It is no secret that sleep can be compromised during pregnancy. Unfortunately, there is no definitive cure to ensure 8+ hours of sleep for the surrogate each night, but if you are a surrogate actively carrying, we gathered some tips that may increase the quality—and quantity—of sleep.
Experiment With Different Positions
Whether first or third trimester, you should experiment with different sleep positions when aches and pains interfere with quality sleep.
Try flipping from left to right side during the night. Experts recommend sleeping on the left side to increase blood and nutrient flow to the baby, but that is not always a realistic option.
Try sleeping in an alternate location. Some women find a couch or certain chair properly match their physical needs during pregnancy.
Other women recommend a cache of pillows: behind the back to prop you up to an almost sitting position, placed under the hip to cushion the impact from the mattress, between the thighs to help align the spine, or all of the above to meet the body’s needs while carrying the child.
Try everything until you find that sweet spot that allows for some decent sleep.
Sleep When You Can
It is highly recommended that you establish a bedtime routine to help your body unwind and prepare for sleep. Recommendations include: avoiding stimuli (smartphones, books, etc.); keeping lights off or low; and reducing stress (take notes in the night when thoughts keep you from falling asleep).
Unfortunately, not all pregnancies allow for such an easy fix. More commonly, pregnant women will experience extreme exhaustion sometime in the afternoon (maybe at the end of a work day or after a trip to the grocery store), then restlessness throughout the night.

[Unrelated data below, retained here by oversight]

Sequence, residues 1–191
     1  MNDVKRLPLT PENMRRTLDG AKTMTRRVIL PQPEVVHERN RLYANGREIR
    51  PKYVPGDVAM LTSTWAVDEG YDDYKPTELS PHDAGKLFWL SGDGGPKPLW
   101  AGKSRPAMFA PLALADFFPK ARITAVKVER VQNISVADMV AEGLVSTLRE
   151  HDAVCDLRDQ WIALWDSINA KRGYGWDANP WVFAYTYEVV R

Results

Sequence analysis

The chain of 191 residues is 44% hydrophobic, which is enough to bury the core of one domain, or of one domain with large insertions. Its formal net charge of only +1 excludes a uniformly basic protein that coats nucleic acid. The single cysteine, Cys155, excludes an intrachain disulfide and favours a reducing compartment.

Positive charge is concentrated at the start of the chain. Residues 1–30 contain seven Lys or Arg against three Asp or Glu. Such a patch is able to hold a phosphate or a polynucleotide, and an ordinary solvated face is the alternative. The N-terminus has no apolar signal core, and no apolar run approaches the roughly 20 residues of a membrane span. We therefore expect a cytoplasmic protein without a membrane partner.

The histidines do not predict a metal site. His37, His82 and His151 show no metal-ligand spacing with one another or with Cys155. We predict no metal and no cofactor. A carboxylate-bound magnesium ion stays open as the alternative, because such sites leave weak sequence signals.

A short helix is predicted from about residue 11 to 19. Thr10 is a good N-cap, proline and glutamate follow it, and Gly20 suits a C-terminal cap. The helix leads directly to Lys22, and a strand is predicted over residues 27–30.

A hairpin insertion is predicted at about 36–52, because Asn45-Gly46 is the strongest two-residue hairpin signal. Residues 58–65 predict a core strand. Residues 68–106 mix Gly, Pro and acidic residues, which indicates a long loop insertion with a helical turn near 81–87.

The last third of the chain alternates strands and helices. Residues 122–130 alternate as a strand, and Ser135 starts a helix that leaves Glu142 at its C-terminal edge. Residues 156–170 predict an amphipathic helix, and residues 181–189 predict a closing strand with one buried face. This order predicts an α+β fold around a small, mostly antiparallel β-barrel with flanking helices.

Take advantage of those moments. When your body slows down and feels ready to nap, do it. A solid thirty minutes to an hour will do your body good.
When sleep seems impossible during the night, get up for a while. Do some light chores or walk around the house. Unnatural as it seems to get up in the middle of the night, it may help the body relax enough to get back to sleep.
Walk around the halls, organize a pile of junk mail or fold some towels in the laundry basket. Just remember not to turn on any bright lights!
It is not uncommon to connect food cravings (even some of the debatable ones) to subconscious hunts for key nutrients the pregnant body needs. However, there are smarter eating choices you can make to improve your sleep as a surrogate.
First, try not to eat too late. You should attempt to eat smaller meals, more often throughout the day versus three full meals.
Indigestion during pregnancy can be brutal and can keep a surrogate from getting a good night’s sleep. Pay attention to foods ingested and any that might increase the chance of indigestion.
No Water Before Bed
Staying hydrated is critical when pregnant, but too much water close to bedtime can result in several bathroom trips during the night. Try not to drink any fluids 2-3 hours before bedtime.